Obadan AO, et al. Flexibility in vitro of amino acid 226 in the receptor-binding site of an H9 subtype influenza A virus and its effect in vivo on virus replication, tropism, and transmission. J Virol. 2018 Dec 19.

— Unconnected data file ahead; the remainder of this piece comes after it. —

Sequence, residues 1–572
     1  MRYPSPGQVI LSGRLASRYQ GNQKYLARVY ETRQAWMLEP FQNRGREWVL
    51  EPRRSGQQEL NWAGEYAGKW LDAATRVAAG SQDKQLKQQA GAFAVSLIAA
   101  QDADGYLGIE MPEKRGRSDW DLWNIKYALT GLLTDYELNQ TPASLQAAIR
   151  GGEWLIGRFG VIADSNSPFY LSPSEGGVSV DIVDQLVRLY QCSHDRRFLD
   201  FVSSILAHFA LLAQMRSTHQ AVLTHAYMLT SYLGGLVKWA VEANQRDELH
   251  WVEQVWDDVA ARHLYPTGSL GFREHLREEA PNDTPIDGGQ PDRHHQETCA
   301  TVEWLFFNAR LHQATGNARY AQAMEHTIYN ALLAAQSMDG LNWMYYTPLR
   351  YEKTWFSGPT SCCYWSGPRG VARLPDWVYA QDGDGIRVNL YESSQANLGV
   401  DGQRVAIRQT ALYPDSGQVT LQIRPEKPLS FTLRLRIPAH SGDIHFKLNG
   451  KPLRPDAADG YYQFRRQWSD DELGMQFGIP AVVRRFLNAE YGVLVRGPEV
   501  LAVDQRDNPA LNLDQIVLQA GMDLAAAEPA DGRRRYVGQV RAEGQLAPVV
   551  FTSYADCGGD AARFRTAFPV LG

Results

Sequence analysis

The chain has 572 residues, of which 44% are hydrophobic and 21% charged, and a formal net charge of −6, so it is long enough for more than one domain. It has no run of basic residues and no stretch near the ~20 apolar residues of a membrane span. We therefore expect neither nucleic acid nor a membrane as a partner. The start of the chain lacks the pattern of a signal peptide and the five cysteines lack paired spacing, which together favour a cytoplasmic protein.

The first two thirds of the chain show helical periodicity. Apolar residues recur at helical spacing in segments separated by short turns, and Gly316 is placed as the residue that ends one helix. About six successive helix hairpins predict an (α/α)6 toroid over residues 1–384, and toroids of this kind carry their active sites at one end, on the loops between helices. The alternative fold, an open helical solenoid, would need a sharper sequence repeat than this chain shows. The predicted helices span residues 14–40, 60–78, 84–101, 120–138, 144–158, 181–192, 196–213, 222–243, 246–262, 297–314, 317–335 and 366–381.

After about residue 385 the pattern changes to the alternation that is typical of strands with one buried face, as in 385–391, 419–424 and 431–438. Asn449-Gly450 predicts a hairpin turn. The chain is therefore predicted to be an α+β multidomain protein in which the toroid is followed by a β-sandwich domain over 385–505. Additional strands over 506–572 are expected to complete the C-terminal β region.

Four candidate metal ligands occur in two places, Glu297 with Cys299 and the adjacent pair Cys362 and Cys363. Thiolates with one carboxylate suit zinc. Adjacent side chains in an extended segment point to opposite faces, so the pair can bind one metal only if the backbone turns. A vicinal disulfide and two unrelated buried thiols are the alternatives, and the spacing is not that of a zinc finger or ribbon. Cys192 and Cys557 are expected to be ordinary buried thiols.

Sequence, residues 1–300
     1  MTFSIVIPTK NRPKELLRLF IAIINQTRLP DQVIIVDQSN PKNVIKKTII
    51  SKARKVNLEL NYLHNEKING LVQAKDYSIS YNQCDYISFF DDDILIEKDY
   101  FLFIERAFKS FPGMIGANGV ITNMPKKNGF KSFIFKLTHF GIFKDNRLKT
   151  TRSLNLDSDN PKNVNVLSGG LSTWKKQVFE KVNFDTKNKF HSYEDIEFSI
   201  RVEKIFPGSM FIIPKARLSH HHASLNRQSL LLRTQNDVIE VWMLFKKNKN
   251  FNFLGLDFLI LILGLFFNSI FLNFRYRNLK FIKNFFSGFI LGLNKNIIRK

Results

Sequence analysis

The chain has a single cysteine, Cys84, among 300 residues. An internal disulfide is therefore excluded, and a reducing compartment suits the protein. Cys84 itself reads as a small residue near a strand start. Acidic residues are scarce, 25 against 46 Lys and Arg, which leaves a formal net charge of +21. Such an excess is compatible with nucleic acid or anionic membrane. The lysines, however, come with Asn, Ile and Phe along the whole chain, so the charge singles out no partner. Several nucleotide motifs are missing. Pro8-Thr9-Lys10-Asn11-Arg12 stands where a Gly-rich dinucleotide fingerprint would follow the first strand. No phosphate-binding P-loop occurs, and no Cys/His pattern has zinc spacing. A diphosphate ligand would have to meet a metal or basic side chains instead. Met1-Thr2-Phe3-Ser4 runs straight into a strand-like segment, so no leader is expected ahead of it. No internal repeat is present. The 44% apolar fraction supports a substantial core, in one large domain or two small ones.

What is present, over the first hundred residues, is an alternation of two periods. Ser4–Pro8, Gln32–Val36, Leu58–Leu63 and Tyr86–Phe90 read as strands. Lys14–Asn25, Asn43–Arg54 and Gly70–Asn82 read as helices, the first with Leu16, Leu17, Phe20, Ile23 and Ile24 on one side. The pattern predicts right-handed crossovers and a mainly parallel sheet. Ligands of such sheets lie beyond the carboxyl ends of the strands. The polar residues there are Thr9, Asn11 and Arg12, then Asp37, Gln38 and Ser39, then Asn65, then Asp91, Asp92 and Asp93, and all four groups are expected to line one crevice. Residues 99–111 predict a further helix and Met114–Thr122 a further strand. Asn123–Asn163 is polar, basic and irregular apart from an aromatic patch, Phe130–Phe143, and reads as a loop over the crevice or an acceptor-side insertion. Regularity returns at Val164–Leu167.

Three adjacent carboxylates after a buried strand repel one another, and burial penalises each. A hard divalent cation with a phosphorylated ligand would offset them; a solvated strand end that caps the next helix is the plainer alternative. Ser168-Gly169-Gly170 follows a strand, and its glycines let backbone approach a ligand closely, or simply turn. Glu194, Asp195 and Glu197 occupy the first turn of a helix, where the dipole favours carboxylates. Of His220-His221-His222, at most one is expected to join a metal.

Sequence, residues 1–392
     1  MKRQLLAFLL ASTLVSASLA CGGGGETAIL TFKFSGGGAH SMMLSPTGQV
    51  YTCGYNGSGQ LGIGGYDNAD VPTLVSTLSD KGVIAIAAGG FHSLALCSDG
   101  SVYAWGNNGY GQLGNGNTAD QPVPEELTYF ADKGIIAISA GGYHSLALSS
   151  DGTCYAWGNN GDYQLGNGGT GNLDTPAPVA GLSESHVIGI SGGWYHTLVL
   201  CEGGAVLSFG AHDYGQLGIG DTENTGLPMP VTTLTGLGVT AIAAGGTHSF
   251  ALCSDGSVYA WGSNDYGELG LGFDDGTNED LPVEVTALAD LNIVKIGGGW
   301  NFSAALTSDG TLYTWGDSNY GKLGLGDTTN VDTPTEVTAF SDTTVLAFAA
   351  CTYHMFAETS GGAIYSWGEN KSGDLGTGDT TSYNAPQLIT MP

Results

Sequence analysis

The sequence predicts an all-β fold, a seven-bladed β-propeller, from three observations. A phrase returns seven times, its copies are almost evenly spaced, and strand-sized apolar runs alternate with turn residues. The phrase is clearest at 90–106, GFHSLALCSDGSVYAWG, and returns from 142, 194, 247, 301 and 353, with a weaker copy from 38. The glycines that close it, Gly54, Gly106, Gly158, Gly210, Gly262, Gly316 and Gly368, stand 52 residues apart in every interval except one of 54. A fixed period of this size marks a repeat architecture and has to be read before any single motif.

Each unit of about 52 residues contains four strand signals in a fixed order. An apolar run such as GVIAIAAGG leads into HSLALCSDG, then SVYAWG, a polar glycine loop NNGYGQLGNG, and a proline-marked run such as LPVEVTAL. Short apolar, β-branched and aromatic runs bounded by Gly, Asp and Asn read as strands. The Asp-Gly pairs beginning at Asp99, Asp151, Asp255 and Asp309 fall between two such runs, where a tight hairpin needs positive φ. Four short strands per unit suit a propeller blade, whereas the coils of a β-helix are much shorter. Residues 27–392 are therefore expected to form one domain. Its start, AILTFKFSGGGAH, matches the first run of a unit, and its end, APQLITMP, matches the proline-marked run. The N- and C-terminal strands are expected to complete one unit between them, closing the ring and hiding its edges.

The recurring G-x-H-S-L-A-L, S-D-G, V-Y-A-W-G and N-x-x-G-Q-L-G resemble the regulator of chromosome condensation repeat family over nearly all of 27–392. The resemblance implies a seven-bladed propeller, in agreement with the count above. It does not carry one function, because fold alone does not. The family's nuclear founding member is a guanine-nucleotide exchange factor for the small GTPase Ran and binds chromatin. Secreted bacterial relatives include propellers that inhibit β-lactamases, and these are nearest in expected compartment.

Influenza A viruses remain a significant public health threat causing more than 300,000 hospitalizations in the United states during 2015-2016 season alone. While only few IAVs of avian origin have been associated with human infections, the ability of these viruses to cause zoonotic infections further increases the public health risk of influenza. Of these, H9N2 viruses in Asia are of particular importance as they have contributed internal gene segments to other emerging zoonotic IAVs. Notably, recent H9N2 viruses have acquired molecular markers that allow for a transition from "avian-like" to "human-like" terminal sialic acid (SA) receptor recognition via a single amino acid change at position 226 (H3 numbering), from glutamine (Q226) to leucine (L226), within the HA receptor-binding site (RBS). We sought to determine the plasticity of amino acid 226 and the biological effects of alternative amino acids on variant viruses. We created a library of viruses with the potential of having any of the 20 amino acids at position 226 on a prototypic H9 HA subtype IAV. We isolated H9 viruses that carried naturally occurring amino acids, variants found in other subtypes and variants not found in any subtype at position 226. Fitness studies in quails revealed that some natural amino acids conferred an in vivo replication advantage. This study shows the flexibility of position 226 of the HA of H9 influenza viruses and the resulting effect of single amino acid changes on the phenotype of variants in vivo and in vitro ImportanceA single amino acid change at position 226 in the hemagglutinin (HA) from glutamine (Q) to leucine (L) has been shown to play a key role in receptor specificity switching in various influenza HA subtypes, including H9. We tested the flexibility of amino acid usage and determine the effects of such changes. The results reveal that amino acids other than L226 and Q226 are well tolerated and that some amino acids allow for the recognition of both avian and human influenza receptors in the absence of other changes. Our results can inform better avian influenza surveillance efforts as well as contribute to rational vaccine design and improve structural molecular dynamics algorithms.
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